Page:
After a first presidential debate failed to take off, a rescheduled one took place on Monday 24 July in Nairobi.
Only three of six candidates showed up for the first part of the debate. For the much-anticipated second session, Raila Odinga the flagbearer of the main opposition coalition ended up alone on the podium after incumbent president Uhuru Kenyatta kept his promise to skip the debate.
Africa Check looked at three key claims that Odinga made on the drama-filled night.
When asked for the source of the claim, Odinga’s campaign team said the figures were sourced from the country’s official data agency, the Kenya National Bureau of Statistics.
Odinga was referring to the decline in purchasing power, Dr David Ndii, who heads the coalition’s technical and strategy team, told Africa Check.
“That was the point he was trying to make. He wanted to talk about the purchasing power of the poor… the numbers he was referring to would be the cumulative inflation from 2013 to now,” Ndii said.
Dr James Shikwati, who is director of independent economic think-tank Inter Region Economic Network (IREN), told us that his interpretation of “cumulative inflation” as used by Odinga was the reduction of the Kenya shilling’s buying power “by 40%, that is, you need [40%] more to buy the same item”.
Kwame Owino, the chief executive of the Institute of Economic Affairs-Kenya, told Africa Check that using total annual inflation was ideal as it “also measures the money growth [while the month on month] just measures consumption on its own.”
To calculate it, “find out what the inflation rate was in 2013 and go back and say if I had KSh100 and then it depreciated by 5.7% because of inflation, what would its value be?” Owino said.
Data from the official data agency shows the country’s average annual inflation rate was 5.7% in 2013, 6.9% in 2014, 6.6% in 2015 and 6.3% in 2016. For the first six months of 2017, the average inflation rate was 9.7%.
Using this data and the prescribed methodology, Africa Check calculated that the value of Ksh100 depreciated to KSh105.70 in 2013, KSh112.99 in 2014, KSh120.45 in 2015 and KSh128.04 in 2016. At the end of the first half of 2017 it was KSh140.46.
Therefore, in order to buy something that cost KSh100 in 2013 one would currently need at least KSh40 more. We thus rate Odinga’s claim as correct.
Odinga’s policy chief Ndii told Africa Check that the number the opposition leader was referring to “would be the average minimum wage, the number in the economic survey”.
In its most recent economic survey, the Kenya National Bureau of Statistics says that between 2013 and 2016, the average minimum wage for workers in agriculture – the country’s largest employer – increased from KSh6,503 to KSh7,284, a rise of 12%.
Minimum wage increases for workers in the country’s urban areas also showed an increase of 12% between 2013 and 2016, according to the statistic agency’s data. Those in the cities of Nairobi, Kisumu and Mombasa saw their wages rise from KSh15,357 in 2013 to KSh17,200 in 2016. Municipalities had a Sh1,713 rise to KSh15,980 over the same period, while other towns recorded an increase of KSh1,457 to 13,593.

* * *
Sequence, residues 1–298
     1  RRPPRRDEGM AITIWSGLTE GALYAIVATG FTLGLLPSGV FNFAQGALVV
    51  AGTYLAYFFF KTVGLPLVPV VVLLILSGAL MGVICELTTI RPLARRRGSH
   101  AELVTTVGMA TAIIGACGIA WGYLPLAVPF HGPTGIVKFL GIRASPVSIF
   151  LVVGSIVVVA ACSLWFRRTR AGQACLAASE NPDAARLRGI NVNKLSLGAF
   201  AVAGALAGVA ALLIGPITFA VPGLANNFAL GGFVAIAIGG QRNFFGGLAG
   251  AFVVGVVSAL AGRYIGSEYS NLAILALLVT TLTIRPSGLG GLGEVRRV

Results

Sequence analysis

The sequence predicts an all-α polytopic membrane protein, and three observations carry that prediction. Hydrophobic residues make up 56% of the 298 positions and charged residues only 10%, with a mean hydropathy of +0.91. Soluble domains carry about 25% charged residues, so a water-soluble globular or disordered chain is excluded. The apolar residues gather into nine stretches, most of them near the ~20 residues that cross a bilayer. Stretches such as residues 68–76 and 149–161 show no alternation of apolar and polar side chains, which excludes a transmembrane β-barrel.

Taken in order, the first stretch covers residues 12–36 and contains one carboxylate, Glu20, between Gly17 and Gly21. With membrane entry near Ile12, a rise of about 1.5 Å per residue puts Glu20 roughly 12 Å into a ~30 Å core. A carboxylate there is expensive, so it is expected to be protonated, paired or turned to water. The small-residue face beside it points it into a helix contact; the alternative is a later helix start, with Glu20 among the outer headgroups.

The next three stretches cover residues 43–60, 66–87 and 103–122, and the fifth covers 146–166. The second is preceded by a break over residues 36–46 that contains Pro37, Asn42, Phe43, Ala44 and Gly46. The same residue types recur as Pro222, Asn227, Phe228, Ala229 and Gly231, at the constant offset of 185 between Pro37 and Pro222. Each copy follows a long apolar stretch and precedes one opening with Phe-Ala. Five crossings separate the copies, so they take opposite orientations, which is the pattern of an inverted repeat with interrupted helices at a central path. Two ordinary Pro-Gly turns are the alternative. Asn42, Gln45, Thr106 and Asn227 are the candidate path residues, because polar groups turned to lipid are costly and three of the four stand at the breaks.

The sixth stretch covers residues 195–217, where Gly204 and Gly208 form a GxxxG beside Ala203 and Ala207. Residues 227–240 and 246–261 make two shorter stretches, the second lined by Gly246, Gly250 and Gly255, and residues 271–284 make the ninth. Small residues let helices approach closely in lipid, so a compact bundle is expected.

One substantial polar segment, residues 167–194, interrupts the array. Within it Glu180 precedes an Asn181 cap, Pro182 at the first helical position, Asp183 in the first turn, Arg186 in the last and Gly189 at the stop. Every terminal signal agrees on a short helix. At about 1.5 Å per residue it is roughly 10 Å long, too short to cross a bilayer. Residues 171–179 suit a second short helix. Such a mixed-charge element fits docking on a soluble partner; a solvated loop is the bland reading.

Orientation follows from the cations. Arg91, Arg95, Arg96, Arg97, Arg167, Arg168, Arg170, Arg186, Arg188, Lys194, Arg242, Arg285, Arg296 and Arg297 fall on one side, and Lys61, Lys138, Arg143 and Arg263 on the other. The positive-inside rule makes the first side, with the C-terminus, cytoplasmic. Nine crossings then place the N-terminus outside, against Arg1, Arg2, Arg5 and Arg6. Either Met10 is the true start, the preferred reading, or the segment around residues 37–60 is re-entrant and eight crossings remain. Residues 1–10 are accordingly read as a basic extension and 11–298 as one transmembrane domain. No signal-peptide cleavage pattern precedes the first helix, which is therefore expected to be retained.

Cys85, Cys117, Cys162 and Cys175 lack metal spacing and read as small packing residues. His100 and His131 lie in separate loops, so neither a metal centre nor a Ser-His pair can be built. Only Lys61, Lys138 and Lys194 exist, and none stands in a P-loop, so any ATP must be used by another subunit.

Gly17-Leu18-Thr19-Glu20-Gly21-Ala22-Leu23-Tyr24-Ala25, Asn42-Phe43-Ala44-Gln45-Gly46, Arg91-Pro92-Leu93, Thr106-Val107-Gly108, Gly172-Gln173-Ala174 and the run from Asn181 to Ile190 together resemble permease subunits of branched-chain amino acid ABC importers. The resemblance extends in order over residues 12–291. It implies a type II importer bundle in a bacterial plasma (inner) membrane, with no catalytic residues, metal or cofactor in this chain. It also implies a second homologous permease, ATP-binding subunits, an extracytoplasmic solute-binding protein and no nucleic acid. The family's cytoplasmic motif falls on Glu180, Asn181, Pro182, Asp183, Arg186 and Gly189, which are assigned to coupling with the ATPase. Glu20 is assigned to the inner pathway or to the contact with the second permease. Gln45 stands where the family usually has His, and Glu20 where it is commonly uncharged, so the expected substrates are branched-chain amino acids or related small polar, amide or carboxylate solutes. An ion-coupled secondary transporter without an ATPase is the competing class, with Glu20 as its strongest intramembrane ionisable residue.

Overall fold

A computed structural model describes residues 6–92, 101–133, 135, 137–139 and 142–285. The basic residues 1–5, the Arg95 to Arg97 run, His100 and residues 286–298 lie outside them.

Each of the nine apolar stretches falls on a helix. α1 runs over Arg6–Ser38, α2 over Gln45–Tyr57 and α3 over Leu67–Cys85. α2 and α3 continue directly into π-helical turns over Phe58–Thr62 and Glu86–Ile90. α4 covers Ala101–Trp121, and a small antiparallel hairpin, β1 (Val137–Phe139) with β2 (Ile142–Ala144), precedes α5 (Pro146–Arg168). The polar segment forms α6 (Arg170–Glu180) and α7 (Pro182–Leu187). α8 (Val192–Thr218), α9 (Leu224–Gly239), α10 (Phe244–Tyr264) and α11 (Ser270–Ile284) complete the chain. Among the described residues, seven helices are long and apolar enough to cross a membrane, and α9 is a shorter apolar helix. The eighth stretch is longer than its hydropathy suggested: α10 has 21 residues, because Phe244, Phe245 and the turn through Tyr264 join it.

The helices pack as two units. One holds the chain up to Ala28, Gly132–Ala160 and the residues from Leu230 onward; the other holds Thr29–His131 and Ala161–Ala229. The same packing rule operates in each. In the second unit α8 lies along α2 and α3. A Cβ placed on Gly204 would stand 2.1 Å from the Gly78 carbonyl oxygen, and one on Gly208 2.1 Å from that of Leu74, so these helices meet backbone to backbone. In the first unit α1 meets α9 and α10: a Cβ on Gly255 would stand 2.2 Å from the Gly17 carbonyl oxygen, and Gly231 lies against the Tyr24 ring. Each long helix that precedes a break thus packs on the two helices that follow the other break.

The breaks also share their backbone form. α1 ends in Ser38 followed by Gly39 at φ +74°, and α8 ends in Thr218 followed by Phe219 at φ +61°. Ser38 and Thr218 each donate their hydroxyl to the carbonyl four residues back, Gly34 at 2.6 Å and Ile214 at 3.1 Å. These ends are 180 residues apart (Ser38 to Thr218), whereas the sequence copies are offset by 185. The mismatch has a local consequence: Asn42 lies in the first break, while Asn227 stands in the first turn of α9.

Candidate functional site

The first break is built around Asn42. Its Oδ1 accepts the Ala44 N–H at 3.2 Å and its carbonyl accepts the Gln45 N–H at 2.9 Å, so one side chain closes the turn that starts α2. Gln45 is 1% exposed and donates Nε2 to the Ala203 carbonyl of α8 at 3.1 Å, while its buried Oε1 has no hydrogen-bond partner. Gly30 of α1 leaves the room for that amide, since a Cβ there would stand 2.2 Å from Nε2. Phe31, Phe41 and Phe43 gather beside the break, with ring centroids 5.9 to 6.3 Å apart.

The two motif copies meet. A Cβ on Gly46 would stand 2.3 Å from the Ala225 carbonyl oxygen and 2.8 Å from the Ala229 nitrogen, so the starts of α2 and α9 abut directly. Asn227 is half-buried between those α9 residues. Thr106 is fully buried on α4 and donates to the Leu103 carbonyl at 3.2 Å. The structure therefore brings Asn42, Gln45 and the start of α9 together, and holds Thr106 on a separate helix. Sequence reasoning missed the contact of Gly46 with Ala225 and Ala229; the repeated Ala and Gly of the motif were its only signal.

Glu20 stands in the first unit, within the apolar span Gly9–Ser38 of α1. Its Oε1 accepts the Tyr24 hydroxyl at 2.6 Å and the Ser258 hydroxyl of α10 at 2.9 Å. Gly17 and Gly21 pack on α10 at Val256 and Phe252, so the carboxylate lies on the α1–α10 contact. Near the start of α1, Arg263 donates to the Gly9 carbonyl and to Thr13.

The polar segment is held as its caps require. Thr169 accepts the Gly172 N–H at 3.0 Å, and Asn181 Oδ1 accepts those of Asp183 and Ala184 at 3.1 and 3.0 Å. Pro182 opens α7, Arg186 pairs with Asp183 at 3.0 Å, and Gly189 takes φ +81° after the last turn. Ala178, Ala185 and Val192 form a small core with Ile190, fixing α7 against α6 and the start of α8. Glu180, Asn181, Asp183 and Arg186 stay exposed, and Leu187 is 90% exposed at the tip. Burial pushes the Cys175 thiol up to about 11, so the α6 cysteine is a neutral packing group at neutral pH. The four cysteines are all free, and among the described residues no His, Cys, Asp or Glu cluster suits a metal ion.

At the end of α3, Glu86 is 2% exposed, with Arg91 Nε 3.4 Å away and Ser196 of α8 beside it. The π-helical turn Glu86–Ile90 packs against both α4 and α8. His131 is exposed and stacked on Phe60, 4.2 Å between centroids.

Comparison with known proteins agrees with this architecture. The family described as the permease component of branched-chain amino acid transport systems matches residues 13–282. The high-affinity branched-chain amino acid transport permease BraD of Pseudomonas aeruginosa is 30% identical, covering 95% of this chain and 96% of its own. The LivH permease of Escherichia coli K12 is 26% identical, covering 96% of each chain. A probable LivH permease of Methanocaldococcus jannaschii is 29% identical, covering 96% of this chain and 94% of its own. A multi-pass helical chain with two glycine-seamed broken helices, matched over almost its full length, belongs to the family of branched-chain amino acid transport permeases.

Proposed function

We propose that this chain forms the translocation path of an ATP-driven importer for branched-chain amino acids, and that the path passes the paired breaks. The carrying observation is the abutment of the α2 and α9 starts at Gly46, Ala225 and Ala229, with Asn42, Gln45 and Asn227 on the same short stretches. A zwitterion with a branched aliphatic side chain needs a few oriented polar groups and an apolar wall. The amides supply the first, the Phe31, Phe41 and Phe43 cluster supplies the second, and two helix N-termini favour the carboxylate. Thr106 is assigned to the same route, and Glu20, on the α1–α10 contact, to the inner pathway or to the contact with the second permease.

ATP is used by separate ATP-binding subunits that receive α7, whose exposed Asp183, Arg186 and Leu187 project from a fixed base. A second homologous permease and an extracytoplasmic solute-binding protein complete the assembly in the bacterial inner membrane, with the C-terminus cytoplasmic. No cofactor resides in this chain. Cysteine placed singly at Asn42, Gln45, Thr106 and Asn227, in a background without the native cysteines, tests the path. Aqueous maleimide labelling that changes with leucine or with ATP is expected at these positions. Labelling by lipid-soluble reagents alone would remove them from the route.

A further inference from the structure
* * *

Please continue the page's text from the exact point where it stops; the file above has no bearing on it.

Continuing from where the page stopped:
Ndii said an 18% increase in Kenya’s minimum wage announced in May 2017 had not yet been implemented. Francis Atwoli, the secretary general of the Central Organisation of Trade Unions however told Africa Check that this had been implemented through legal notices 111 and 112 on wages published a week ago. The gazette notice was published on July 21, four days before Odinga made his claim.
The union’s economist George Otieno confirmed this. “Yes, the 18% for 2017 has been implemented, though not in full regard because in some workplaces we have had issues of redundancy cases,” he said.
The wage increase between 2013 and 2017 is thus a cumulative 30%, not 12% as Odinga said, although it is yet to filter down to all workers.
The figure of “40% is in the public domain”, Odinga’s strategy chief Ndii told Africa Check, further citing data on unemployment in Kenya from the World Factbook of the Central Intelligence Agency. (Note: The factbook notes that reliable employment data on Kenya is hard to find, giving the same 40% unemployment rate estimate for both 2001 and 2013 without citing a clear source.)
“I see it around a lot, but it doesn’t come from our data, because we don’t do an annual unemployment rate. If you want to get the unemployment rate, you have to get the labour force survey,” Ndii told Africa Check.
The most recent data on unemployment in Kenya is a labour force analysis by the Kenya National Bureau of Statistics, based on 2009 census data. Released in 2012, it put the overall unemployment rate at 9.7% then. (Note: The statistics agency defines the unemployment rate as the proportion of the labour force that does not have a job and is actively looking for work.)
A survey with the latest unemployment data is being finalised, James Gatungu, the director of production statistics at the agency, recently told Africa Check.
The director-general of the statistics agency, Zachary Mwangi, told Africa Check that the 40% unemployment rate “can’t be correct”. (Note: He promised to furnish us with detailed data; we will update this report when he does.)
In its Human Development Report 2016, using ILO models the United Nations Development Programme estimated Kenya’s total unemployment rate at 9.2% in 2015 while the youth unemployment rate (ages 15 to 24) was at 17.6%.
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